But with that sifting, Jesus promises that he will sustain you, “that your faith may not fail.” Our Lord restored St. Peter, he kept Pastor Gerhardt faithful under pressure, and he will no less support and sustain you! The same Lord and the same gospel promises will strengthen you in your time of distress. Do you know that Jesus is praying for you? He is! Our Lord Jesus Christ has conquered sin and Satan and death for you, and now he is ruling all things for your good. He ever lives to make intercession on our behalf! God is merciful to you and he cares for you!

How the hymns of Paul Gerhardt ring out with this comfort and confidence! You know, Jesus told Peter that after his time of testing he was to return and “strengthen his brothers.” Well, in like manner, Gerhardt strengthens us with the comfort he himself received from the Lord during his time of testing. So many of Gerhardt’s hymns fit this category of “Cross and Comfort” or “Trust” or “Hope.” These hymns express, as the Germans say, Trost und Trotz, that is, consolation and defiance. On the one hand, they bring consolation and comfort to the troubled soul. And on the other hand, they bid defiance to Satan and his trials, which are not able to defeat us in our faith in Christ. From our first hymn tonight, “Entrust Your Days and Burdens”:

Rely on God your Savior
And find your life secure.
Make His work your foundation
That your work may endure.

You and I have a sure foundation in our life, in God’s most loving hand, his care and guidance, his help in every trial. So we turn to our Savior in prayer, confident that he will see us through:

Our hands and feet, Lord, strengthen;
With joy our spirits bless
Until we see the ending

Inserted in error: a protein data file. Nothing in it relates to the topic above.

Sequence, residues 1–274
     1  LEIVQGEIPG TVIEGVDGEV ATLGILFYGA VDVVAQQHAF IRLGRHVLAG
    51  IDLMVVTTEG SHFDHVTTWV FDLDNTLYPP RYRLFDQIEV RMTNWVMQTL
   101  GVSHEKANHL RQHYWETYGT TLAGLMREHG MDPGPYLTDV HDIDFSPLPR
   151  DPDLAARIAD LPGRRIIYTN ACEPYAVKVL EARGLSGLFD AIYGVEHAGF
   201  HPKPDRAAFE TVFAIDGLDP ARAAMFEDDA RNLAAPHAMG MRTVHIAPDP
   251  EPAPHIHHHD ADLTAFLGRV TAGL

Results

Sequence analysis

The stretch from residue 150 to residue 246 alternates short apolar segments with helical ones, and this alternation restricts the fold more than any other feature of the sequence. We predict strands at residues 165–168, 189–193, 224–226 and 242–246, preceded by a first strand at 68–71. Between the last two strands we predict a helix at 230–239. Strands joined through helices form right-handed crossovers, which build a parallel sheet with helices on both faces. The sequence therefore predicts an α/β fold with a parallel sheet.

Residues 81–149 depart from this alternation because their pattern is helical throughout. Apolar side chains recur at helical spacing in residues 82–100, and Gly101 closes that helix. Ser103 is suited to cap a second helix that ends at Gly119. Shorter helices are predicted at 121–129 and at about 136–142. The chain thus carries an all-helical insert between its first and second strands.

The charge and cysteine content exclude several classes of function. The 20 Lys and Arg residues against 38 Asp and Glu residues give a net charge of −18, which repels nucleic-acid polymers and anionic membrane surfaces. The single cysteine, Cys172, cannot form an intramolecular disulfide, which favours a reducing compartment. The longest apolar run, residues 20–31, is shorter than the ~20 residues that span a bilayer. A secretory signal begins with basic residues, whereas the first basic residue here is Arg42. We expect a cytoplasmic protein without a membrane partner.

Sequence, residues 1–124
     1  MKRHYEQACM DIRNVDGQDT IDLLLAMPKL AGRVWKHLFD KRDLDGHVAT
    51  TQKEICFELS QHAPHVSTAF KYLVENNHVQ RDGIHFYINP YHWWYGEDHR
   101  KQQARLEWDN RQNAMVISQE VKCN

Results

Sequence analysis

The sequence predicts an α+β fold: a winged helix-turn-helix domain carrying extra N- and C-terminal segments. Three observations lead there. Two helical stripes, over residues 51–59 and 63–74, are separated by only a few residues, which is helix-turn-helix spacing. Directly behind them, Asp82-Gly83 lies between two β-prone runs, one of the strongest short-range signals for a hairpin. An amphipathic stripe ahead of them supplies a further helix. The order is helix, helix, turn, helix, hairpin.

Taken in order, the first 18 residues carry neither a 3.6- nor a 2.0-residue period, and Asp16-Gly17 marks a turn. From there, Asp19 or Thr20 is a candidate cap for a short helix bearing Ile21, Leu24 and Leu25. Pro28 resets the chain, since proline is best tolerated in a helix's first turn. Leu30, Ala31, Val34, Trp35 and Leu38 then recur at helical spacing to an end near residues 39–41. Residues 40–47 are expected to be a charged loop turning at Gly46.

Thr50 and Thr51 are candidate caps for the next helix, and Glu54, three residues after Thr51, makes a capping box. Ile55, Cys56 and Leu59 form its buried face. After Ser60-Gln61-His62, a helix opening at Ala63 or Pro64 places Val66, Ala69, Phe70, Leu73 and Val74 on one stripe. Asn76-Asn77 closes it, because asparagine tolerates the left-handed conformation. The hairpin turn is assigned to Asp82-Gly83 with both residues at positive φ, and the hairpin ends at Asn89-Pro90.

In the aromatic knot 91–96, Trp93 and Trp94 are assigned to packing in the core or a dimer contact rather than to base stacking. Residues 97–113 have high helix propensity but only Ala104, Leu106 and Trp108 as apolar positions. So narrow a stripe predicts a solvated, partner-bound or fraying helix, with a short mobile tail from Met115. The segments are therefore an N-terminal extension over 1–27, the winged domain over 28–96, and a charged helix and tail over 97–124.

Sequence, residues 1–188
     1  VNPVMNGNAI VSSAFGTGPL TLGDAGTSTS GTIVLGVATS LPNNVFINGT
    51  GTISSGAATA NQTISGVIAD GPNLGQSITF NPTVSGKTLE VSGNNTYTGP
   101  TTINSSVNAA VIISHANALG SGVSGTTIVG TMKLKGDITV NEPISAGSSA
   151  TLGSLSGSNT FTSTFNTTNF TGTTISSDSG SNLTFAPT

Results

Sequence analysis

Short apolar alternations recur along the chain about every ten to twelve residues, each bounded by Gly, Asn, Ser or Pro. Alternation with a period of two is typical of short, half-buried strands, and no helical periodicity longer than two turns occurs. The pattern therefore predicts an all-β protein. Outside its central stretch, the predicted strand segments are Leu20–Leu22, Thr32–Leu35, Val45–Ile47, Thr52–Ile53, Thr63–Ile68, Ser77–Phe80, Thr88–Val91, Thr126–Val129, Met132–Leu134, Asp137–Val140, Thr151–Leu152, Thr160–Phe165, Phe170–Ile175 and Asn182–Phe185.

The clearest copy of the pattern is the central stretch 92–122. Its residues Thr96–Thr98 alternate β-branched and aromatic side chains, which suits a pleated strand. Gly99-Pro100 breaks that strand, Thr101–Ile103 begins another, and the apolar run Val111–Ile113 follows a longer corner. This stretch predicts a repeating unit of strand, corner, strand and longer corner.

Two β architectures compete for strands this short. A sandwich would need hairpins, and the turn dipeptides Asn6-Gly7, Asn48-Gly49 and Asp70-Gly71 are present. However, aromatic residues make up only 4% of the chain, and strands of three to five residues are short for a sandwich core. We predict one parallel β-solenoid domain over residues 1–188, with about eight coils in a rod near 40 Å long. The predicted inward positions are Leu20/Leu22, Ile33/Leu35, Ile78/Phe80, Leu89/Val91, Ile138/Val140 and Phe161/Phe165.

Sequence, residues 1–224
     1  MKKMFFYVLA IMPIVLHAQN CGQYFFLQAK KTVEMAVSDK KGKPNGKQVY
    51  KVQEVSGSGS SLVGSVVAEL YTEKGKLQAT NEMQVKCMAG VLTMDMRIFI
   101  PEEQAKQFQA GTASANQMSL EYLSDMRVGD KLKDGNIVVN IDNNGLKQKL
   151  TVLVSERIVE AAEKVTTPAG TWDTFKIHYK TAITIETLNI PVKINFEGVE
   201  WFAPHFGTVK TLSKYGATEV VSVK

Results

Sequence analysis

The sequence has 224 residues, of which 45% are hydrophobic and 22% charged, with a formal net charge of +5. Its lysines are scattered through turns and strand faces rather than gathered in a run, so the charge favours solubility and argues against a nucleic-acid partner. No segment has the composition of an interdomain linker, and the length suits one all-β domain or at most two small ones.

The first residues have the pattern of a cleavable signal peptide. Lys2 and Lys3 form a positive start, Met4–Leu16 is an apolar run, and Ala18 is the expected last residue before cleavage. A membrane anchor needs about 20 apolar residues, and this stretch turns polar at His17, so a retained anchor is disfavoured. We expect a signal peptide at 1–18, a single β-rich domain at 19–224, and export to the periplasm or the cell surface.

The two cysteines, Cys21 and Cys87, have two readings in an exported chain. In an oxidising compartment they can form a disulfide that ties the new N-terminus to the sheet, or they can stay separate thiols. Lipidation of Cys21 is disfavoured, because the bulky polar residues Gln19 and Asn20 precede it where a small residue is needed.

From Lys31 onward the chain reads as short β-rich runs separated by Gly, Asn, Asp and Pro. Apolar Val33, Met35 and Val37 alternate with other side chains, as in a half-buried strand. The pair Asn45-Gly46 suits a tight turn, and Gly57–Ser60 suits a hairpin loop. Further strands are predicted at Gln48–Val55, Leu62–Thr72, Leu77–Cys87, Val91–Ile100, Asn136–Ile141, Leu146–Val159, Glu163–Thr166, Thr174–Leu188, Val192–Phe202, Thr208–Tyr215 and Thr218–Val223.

Of all our life’s distress.

Or then there is the hymn that we just sang, “If God Himself Be for Me.” That is, of course, just a paraphrase of the reading we heard earlier from Romans 8. There is nothing, in all creation, that “will be able to separate us from the love of God in Christ Jesus our Lord.” My friends, you can bank your whole life on that promise! If God “did not spare his own Son but gave him up for us all”--which he did on the cross, where Jesus died to pay the price for all of your sins and to win for you eternal life and joy with him forever in heaven--if God is for you in this way, which he is, then all these troubles, as painful as they may be at the time, cannot overcome you or pull you away from Christ! That’s why Gerhardt can sing:

The sun that cheers my spirit
Is Jesus Christ, my King;
The heav’n I shall inherit
Makes me rejoice and sing.

This is the faith that sustained brother Gerhardt and will likewise sustain you, until the end. As Paul Gerhardt lay on his deathbed, he prayed a stanza from one of his hymns. It’s from our closing hymn for tonight, “Why Should Cross and Trial Grieve Me”:

Now in Christ, death cannot slay me;
Though it might, Day and night,
Trouble and dismay me.
Christ has made my death a portal
From the strife, Of this life
To His joy immortal!


TOPICS: History; Music/Entertainment; Religion
KEYWORDS: gerhardt; germany; hymns; lcms; lutheran; paulgerhardt; sermon

Paul Gerhardt (1607-76)
Theologus in cribro Satanae versatus
"A theologian sifted in Satan's sieve"